Once again our Legislature is pushing the boundaries of taboos of life and death. Most cultures have them, and there is a great diversity. There are cultures that approve infanticide and require wives to be burned to death on their husbands’ funeral pyres. In others, elders are expected to expose themselves to the elements to die when they are no longer useful.
In the culture we have known in European America, we have had various contradictory taboos around death. We have forbidden infanticide, intentional murder and the killing of our elderly, while we have permitted killing of “enemies,” especially native people, and lynching of African-Americans.
Only gradually have we disapproved of domestic violence, lynching, and the whipping of slaves, children and the indigent.
There is great power in our taboos, because they drive our expectations and behavior. Now, we are on the brink of legally “permitting” physicians to kill severely ill patients. There are plenty who defend this as a freedom of choice for those dying — and, in our culture, that is a compelling argument. But we should look at how this will change the taboos of death in potentially undesirable ways.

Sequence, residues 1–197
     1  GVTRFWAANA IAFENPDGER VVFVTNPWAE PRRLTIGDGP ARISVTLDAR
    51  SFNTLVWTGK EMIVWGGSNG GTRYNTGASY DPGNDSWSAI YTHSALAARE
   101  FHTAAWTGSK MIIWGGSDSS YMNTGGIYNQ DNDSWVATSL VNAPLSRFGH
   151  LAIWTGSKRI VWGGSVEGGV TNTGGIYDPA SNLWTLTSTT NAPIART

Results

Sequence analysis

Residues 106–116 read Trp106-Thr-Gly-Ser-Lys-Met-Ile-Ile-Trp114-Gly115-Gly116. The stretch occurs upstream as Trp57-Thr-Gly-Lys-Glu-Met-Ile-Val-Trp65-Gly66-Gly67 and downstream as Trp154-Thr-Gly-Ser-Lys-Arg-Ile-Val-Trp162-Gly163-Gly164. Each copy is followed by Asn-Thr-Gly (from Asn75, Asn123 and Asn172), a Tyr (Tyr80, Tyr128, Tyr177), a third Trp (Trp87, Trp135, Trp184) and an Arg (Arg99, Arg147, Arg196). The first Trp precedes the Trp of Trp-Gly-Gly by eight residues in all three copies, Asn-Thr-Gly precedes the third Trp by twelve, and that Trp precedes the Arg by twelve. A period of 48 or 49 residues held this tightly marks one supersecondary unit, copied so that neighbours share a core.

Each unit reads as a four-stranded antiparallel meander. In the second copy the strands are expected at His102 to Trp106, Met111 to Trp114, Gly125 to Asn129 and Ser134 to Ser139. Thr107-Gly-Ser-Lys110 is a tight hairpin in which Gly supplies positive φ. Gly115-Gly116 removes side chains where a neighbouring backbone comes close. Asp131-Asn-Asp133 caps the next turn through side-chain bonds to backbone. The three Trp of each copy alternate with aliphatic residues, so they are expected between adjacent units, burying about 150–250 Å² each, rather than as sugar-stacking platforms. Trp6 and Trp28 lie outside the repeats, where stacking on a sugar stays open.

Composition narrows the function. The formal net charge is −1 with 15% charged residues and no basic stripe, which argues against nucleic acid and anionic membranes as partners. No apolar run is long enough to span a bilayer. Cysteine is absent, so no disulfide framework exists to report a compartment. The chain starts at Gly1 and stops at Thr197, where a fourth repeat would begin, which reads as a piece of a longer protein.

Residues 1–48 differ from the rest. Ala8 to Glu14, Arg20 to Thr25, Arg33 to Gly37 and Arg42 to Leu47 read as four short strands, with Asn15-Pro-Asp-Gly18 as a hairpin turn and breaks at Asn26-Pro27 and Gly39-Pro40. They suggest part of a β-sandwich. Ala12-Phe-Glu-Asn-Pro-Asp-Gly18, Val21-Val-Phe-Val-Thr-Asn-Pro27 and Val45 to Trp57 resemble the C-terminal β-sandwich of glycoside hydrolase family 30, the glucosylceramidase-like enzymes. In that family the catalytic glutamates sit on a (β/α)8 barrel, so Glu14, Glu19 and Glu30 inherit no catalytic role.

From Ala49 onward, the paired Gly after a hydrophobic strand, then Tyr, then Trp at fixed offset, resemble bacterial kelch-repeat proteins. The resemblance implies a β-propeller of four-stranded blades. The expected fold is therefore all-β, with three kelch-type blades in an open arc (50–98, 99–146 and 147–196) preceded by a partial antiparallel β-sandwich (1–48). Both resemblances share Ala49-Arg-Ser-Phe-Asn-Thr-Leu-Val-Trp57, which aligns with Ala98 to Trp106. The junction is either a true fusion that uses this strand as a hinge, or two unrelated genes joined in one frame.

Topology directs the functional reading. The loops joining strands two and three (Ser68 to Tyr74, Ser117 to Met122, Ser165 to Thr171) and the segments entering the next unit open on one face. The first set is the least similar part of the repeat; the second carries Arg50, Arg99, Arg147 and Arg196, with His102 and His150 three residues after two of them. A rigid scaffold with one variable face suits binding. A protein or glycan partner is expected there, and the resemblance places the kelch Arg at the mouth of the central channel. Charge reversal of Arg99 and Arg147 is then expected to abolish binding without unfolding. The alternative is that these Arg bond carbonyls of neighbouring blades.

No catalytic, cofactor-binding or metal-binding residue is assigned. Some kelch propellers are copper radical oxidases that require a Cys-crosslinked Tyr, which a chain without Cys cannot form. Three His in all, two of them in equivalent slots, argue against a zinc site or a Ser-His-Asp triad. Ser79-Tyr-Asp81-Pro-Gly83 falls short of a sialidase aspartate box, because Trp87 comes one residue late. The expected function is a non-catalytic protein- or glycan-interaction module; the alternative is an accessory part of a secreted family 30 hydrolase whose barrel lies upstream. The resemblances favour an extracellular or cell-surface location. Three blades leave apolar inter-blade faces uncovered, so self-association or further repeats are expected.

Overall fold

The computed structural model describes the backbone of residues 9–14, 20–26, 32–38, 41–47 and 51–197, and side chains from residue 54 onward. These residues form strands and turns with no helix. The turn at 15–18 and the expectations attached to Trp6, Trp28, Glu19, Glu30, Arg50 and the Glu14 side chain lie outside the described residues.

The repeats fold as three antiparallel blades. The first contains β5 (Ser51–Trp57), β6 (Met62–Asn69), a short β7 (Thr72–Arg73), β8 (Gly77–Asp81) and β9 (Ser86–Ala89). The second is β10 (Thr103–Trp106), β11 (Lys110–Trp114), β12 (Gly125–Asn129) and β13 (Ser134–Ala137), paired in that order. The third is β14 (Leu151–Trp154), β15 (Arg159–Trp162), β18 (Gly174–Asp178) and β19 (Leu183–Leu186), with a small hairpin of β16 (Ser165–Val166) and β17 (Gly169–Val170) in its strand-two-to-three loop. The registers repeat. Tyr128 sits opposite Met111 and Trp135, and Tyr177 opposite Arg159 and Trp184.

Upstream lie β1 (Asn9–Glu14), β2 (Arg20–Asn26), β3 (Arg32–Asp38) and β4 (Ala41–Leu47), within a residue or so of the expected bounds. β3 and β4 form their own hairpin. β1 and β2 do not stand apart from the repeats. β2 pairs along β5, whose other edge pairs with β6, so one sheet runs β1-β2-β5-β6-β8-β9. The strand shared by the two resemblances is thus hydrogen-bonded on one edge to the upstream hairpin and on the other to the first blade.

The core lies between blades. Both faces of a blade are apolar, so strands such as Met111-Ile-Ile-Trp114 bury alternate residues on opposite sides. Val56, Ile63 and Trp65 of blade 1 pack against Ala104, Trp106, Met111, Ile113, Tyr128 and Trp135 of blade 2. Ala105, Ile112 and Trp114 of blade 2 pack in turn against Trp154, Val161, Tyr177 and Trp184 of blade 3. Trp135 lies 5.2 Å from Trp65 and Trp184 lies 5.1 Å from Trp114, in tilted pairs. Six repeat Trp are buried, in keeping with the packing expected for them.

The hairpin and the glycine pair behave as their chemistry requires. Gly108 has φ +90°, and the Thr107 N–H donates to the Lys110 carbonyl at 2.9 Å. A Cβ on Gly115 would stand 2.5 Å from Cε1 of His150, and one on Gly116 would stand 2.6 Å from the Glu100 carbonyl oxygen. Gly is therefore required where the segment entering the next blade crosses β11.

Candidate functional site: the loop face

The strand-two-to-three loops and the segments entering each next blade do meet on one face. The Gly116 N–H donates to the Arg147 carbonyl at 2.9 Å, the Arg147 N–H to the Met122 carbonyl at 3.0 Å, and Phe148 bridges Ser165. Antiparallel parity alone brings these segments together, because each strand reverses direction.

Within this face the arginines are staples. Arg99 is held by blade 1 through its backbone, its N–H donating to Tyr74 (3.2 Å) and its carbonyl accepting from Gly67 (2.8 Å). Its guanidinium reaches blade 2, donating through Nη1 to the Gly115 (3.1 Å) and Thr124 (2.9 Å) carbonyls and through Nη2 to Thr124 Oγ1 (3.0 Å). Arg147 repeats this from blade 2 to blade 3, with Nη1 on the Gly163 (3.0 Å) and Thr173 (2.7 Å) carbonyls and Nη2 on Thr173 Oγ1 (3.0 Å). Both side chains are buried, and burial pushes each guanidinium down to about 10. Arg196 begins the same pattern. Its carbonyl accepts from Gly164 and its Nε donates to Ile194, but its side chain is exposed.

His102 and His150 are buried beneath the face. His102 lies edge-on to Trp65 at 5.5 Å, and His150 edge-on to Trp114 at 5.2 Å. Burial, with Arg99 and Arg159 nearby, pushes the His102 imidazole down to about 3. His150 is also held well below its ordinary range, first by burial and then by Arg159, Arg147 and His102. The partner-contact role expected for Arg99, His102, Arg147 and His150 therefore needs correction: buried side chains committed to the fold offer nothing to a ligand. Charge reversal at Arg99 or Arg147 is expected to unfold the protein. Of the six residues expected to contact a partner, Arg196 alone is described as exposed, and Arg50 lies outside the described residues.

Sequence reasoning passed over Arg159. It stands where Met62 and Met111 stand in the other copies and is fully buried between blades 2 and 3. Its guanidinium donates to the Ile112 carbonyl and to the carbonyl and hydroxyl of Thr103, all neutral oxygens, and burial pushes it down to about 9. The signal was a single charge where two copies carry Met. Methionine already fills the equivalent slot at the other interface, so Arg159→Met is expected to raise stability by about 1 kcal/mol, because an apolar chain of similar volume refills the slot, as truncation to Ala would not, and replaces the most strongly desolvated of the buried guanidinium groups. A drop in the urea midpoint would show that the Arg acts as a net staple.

When we broke through the taboos around extramarital sexual activity, it was hailed as sexual freedom. Today, children as young as 12 and 13 are under pressure to “have sex,” and a high proportion will do so well before they are 18, even though we know that brain development and emotional development lag significantly behind puberty. What was permitted has now become the expected norm.
This will also occur if and when we legalize the “choice” of physician-assisted suicide. I can attest to countless elderly and terminally ill persons who focus intently on the “trouble” they are causing their loved ones and caregivers. This “guilt” will quickly become “duty” to die. The taboo will shift from rejection of elder euthanasia to an expectation that we all will choose it.
Is this the culture we wish to leave for our children?
Rev. Ralph W. Howe
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